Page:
Page 123 - Jewish Book Annual Volume 45

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tion. Simply stated, Judaica or Jewish studies is not seen as an end
but as the means to an end. Or another type of example:
(Yad Izhak Ben-Zvi, 1982) is the title of the Festschrift in honor of
Yehoshua Prawer; its sub-title, “Studies in the History of the Cru­
sading Kingdom of Jerusalem” explicates its contents4. Jerusa­
lem is certainly central in Jewish history, life and thought, but
how central is the Crusader presence? Is this to be considered a
Jewish Festschrift or a Festschrift in Jewish Studies? Yet another
example is Volume 13 of
which is a memorial volume
to Moshe Stekelis, the noted archaeologist whose speciality was
the history and archaeology of pre-historic Israel. Does the field
of Jewish studies extend to the geology and topography of the
Promised Land before the arrival of Abraham?
Lest the reader think this is a problem restricted to Israel let us
turn our attention to several examples of Festschriften produced
outside Israel.
Political Symbolism in Modem Europe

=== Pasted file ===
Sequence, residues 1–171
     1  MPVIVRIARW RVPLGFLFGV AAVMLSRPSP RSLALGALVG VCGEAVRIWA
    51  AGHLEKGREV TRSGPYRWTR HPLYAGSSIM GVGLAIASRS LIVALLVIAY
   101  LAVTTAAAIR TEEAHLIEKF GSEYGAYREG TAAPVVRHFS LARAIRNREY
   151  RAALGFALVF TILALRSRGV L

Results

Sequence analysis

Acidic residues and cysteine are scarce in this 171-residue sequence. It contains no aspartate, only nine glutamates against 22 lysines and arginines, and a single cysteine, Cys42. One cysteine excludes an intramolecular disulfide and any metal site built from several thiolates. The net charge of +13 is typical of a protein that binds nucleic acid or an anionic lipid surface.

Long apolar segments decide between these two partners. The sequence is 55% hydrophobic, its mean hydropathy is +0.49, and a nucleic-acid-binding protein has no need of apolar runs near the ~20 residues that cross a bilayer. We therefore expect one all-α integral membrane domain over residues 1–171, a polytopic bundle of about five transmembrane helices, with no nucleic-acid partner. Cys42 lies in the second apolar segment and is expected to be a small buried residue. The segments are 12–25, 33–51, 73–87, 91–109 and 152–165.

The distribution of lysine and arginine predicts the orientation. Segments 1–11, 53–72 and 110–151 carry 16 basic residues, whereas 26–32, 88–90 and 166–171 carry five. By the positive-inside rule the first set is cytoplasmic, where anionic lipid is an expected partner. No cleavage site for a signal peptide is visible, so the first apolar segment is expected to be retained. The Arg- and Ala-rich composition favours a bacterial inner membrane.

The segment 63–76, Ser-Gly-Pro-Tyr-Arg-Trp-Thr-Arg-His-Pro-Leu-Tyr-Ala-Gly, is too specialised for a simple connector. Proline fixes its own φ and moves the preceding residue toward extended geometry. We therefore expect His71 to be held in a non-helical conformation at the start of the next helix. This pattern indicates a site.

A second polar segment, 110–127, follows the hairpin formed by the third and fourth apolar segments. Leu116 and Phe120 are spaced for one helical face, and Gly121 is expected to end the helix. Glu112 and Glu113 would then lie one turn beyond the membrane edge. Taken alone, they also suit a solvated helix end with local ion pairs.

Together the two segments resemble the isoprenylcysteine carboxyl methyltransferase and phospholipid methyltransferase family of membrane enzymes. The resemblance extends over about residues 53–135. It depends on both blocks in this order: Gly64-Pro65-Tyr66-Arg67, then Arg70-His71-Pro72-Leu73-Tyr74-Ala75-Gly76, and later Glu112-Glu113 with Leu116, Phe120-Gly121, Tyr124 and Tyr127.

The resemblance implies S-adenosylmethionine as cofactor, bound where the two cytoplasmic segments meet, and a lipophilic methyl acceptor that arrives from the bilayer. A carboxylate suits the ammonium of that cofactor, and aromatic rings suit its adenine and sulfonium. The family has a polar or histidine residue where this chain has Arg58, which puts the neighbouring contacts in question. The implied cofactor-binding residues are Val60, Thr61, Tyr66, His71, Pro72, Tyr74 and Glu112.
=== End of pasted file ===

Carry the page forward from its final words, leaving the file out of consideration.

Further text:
is the title of
the Festschrift in honor of George L. Mosse, a distinguished
scholar in the field of European history and political thought, as
well as aJew who has sought neither to bury his Jewishness nor to
trade on it6. Or
On the Track of Tyranny,
the Festschrift presented
by the Wiener Library in London to Leopold G. Montefiore,
which deals with the Nazis7. Such Festschriften were produced
for individuals who happened to beJews and the volumes contain
material of interest to Jewish scholarship. But can they be
included in the general sphere of Jewish studies? Conversely, a
Festschrift issued in 1984 to honor the twenty-fifth anniversary
of California State University at Fullerton by its Department of
Religious Studies contains a number of significant articles of
interest toJudaic scholarship, but it is neither a Jewish Festschrift
nor one in Jewish studies. Then there is the problem of the
ancient Near East in general. What is one to do with
Essays in
Ancient Near Eastern Studies in the Memory ofJacob Joel Finkelstein,
which is tangentially of interest to Judaic studies, is in memory of
a Jewish scholar, but in which Jews and Judaism do not figure at
4 Jerusalem: Yad Ben-Zvi, 1982.
5 Jerusalem: Israel Exploration Society, 1977.
6 New Brunswick, NJ: Transaction Books, 1982.
7 London: Vallentine, Mitchell, 1960.
8 Hampden, CT: Published for the Connecticut Academy o f Arts and Sciences
by Archon Books, 1976.